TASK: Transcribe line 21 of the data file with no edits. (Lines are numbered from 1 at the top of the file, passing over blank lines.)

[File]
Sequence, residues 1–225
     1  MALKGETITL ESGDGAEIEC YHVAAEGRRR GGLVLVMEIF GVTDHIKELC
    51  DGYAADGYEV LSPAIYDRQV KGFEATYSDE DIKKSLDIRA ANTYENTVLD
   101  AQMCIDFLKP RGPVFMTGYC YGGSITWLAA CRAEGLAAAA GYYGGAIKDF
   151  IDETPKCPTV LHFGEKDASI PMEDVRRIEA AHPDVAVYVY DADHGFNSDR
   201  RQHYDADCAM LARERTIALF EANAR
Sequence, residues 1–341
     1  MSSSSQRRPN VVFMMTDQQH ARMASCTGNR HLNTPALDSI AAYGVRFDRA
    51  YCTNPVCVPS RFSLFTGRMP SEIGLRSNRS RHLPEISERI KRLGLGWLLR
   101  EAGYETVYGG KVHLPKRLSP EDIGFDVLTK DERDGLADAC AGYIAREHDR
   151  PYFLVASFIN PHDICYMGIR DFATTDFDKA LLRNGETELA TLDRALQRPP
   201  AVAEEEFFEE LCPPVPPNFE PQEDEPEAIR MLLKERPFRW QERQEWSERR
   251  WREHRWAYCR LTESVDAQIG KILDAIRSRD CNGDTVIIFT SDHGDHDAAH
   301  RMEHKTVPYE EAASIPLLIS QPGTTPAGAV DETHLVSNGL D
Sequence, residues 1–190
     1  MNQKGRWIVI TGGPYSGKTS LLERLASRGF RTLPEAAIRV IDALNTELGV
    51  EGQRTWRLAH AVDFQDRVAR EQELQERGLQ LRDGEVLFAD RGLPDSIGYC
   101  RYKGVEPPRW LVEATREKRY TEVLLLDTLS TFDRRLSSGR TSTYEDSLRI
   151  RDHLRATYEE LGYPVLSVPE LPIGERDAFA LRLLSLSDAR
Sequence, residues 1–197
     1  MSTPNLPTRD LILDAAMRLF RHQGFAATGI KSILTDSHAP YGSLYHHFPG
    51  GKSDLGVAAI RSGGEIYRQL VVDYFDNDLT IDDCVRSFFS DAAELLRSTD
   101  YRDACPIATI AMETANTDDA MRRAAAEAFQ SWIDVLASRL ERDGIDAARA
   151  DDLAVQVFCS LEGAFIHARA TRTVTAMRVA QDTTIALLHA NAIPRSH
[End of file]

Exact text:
     1  MSTPNLPTRD LILDAAMRLF RHQGFAATGI KSILTDSHAP YGSLYHHFPG